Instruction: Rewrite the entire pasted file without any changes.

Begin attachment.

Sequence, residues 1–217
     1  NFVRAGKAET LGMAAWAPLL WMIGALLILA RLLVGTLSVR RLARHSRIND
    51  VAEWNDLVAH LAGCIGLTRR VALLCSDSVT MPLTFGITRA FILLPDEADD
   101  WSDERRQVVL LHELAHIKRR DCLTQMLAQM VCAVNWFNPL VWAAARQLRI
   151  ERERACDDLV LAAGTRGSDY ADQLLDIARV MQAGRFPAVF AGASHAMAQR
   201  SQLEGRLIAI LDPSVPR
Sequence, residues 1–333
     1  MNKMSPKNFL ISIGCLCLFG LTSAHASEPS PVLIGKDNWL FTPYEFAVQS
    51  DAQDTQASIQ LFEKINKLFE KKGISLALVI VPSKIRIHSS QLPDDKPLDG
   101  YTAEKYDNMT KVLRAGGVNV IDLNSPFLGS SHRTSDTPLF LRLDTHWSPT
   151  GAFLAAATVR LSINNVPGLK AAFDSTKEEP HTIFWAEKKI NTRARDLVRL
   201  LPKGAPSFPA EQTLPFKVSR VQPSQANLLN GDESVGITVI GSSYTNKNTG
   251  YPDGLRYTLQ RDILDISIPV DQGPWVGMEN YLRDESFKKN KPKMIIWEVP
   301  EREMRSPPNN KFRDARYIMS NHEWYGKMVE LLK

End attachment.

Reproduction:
Sequence, residues 1–217
     1  NFVRAGKAET LGMAAWAPLL WMIGALLILA RLLVGTLSVR RLARHSRIND
    51  VAEWNDLVAH LAGCIGLTRR VALLCSDSVT MPLTFGITRA FILLPDEADD
   101  WSDERRQVVL LHELAHIKRR DCLTQMLAQM VCAVNWFNPL VWAAARQLRI
   151  ERERACDDLV LAAGTRGSDY ADQLLDIARV MQAGRFPAVF AGASHAMAQR
   201  SQLEGRLIAI LDPSVPR
Sequence, residues 1–333
     1  MNKMSPKNFL ISIGCLCLFG LTSAHASEPS PVLIGKDNWL FTPYEFAVQS
    51  DAQDTQASIQ LFEKINKLFE KKGISLALVI VPSKIRIHSS QLPDDKPLDG
   101  YTAEKYDNMT KVLRAGGVNV IDLNSPFLGS SHRTSDTPLF LRLDTHWSPT
   151  GAFLAAATVR LSINNVPGLK AAFDSTKEEP HTIFWAEKKI NTRARDLVRL
   201  LPKGAPSFPA EQTLPFKVSR VQPSQANLLN GDESVGITVI GSSYTNKNTG
   251  YPDGLRYTLQ RDILDISIPV DQGPWVGMEN YLRDESFKKN KPKMIIWEVP
   301  EREMRSPPNN KFRDARYIMS NHEWYGKMVE LLK